The set design for red, black and GREEN: a blues, at MCA Chicago has a name. It’s called The Colored Museum, and it exists in its own right as an installation, set on view at the MCA while the multimedia performance it was created for ran in the evenings this weekend. It’s a series of layered, patchwork clapboard rooms, each representative of one of four cities: Chicago, New York, Oakland, Houston, with built-in video installations and musical elements– that is, good things to hit and create a beat. It’s the work of Chicago-based artist Theaster Gates, and it is available to up-close inspection during the first act of the show, also called The Colored Museum, in when the audience is invited onstage.
The layered rhythm of the show closely resembles the structure of the rooms themselves. At the start, the set is boxed into a shotgun-house shape at the center of the stage, the audience wandering around and watching action thought the windows. Marc Bamuthi Joseph hands out slices of watermelon while Traci Tolmaire moves like liquid through the house. The chimes, steel poles and wooden boxes get a musical beatdown, with rhythms created by performer Tommy Shepherd, as the rooms pull apart and the cast throw themselves into full body-swinging tribal dance. Theaster Gates delivers a kind of Social Practice Manifesto (Art without Ethics is Bad Art) to the encircled crowd. It’s clear that what we’re negotiating here is complex, involving not just issues of black identity in America, environmental justice, and mixed media, but the basic struggle to do good in the world while staying true to yourself.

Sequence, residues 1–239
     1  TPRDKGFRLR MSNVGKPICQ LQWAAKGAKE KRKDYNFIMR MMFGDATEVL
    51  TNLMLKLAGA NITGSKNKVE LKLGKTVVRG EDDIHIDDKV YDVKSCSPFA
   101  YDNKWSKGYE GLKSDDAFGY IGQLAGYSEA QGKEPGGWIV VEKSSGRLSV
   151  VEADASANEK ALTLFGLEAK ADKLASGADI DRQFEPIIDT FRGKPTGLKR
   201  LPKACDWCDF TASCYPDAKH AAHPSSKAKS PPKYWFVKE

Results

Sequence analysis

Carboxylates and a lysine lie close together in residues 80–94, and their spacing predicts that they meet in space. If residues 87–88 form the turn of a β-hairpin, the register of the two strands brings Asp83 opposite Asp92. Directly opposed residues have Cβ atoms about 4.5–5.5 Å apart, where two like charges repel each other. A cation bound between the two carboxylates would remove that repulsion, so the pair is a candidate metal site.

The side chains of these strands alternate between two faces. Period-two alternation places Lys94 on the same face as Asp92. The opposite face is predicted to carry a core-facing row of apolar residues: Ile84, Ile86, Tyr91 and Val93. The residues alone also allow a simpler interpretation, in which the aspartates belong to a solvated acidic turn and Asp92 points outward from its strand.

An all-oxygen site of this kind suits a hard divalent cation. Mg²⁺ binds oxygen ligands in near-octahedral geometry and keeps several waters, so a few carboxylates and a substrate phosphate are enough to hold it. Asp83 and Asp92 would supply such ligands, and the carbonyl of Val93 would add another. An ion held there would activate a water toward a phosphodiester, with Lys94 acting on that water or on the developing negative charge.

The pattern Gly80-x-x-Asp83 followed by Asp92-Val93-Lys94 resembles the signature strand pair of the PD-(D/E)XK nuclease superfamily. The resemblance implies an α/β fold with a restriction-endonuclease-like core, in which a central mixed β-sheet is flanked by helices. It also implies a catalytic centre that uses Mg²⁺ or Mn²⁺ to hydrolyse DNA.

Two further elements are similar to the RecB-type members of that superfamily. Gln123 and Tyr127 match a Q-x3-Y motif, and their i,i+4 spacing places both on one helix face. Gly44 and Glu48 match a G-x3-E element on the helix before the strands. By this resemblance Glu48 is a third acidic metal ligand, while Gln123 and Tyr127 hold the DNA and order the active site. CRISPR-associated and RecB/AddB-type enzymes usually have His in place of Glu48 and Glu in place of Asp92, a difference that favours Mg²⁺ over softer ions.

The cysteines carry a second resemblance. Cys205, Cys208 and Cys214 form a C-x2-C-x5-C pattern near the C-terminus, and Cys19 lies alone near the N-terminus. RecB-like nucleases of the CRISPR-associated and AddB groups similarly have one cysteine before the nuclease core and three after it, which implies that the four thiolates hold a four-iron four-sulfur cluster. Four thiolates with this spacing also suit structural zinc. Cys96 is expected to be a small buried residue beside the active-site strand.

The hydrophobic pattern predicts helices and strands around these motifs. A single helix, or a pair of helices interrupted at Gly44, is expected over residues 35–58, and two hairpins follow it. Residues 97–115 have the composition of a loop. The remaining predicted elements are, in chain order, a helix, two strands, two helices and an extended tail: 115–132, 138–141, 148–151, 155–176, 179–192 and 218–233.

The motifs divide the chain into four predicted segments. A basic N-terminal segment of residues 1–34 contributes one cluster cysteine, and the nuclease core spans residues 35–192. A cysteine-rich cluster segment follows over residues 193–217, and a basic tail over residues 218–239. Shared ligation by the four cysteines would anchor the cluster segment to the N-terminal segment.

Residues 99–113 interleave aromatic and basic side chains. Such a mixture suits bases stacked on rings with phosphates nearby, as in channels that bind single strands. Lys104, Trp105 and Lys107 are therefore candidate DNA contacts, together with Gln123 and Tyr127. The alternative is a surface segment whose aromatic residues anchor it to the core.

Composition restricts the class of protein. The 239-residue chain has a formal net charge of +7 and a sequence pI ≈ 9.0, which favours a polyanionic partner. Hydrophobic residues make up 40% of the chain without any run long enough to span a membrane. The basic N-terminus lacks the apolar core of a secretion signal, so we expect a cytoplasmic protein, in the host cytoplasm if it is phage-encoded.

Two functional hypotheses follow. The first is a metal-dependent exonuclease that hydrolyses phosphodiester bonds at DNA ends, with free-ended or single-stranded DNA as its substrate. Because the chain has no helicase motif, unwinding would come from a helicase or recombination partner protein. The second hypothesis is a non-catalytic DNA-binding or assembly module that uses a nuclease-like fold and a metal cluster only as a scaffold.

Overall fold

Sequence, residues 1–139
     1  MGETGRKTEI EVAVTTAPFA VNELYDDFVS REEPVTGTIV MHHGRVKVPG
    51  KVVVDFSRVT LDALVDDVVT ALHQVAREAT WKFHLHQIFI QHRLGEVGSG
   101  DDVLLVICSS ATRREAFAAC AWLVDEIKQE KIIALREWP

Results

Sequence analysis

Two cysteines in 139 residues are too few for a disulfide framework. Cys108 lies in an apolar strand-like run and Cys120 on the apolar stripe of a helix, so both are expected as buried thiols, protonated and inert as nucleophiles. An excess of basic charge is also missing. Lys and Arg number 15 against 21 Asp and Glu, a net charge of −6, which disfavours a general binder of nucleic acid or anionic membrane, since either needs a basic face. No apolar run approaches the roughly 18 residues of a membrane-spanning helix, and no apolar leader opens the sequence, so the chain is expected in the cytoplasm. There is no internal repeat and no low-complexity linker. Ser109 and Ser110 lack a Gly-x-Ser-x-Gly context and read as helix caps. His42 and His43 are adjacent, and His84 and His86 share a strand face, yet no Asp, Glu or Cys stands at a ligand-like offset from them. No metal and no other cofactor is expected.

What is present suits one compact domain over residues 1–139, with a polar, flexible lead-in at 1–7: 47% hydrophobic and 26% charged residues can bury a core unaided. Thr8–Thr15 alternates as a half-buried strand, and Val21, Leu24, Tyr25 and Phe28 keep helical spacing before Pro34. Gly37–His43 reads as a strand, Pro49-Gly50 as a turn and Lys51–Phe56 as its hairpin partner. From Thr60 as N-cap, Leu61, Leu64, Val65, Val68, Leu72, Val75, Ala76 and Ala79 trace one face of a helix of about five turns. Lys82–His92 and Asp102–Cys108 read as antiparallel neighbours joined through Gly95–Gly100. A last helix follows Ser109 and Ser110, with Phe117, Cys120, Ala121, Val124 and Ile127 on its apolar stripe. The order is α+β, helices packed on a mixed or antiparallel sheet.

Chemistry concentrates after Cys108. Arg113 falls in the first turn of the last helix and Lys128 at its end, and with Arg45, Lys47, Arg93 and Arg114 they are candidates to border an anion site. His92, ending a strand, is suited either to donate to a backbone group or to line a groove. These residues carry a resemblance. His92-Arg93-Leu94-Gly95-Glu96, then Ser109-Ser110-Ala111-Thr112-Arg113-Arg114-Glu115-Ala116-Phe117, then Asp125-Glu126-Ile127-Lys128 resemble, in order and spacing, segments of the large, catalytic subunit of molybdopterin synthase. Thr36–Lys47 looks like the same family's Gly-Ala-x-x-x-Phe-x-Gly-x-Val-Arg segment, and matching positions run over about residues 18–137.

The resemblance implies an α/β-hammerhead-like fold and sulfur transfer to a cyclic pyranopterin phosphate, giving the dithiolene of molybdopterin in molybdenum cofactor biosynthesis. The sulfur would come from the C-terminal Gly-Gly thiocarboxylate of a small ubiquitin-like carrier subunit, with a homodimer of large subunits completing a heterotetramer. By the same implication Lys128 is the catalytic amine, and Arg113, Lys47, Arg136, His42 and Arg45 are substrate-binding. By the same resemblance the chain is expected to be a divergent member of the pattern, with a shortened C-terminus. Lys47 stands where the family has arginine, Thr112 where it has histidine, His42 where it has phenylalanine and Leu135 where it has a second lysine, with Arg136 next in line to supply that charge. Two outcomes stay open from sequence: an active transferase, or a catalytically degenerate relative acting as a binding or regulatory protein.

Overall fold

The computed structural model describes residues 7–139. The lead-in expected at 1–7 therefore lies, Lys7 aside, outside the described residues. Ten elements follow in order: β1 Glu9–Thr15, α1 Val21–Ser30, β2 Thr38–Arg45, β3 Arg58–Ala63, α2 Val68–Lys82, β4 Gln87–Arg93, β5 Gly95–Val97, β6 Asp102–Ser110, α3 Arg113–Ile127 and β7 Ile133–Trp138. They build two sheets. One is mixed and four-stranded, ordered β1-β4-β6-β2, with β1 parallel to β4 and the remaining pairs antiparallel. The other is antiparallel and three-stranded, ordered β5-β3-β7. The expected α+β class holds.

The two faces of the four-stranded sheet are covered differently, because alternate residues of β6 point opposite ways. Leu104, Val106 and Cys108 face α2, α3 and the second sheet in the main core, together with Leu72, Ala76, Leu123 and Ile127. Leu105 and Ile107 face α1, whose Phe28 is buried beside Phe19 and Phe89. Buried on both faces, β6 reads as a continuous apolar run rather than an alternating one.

That struggle is beautifully and honestly evident in the monologues delivered by Marc Bamuthi Joseph in the second act of the show, Colors and Muses, in which we return to our usual auditorium seating. The text is based on Joseph’s experiences producing eco-festivals in the four featured cities, and includes re-performed interviews with local residents encountered en route (stunning work by Tolmaire), as well as Joseph’s attempts to, for instance, explain what the Black Panthers were to his nine-year-old son. Joseph confesses that his “ghetto pass” expired some seven years ago, and his words reveal an activist caught between the tofu-praying hyper-green Bay Area culture, the “czar of everything green in Harlem” (fuck Starbucks!), a wino turned Flower Man, and a Sudanese woman living on American soil who unselfconsciously offers him watermelon.
The show offers no easy answers, concluding that its own activists, like the Black Panthers, might just not be around as much in 40 years, and that the world will inevitably change. But it gets there through a striking blend of musicality, dance, narrative and documentation. It seeks to explore the results of its own research in a phenomenally honest way, a way that is not overly concerned with the blurring of disciplines in its work, the danger of racial stereotypes, or the portrayal of its artists as anything other than (aesthetically skilled) humans. The piece concludes with Back Talk, when each of the performers takes up residence in a room onstage and invites the public back up to chat, ask questions and engage in dialogue. The energized public, not your usual somber modern-art crowd, lingered, and filled the house with excited chatter.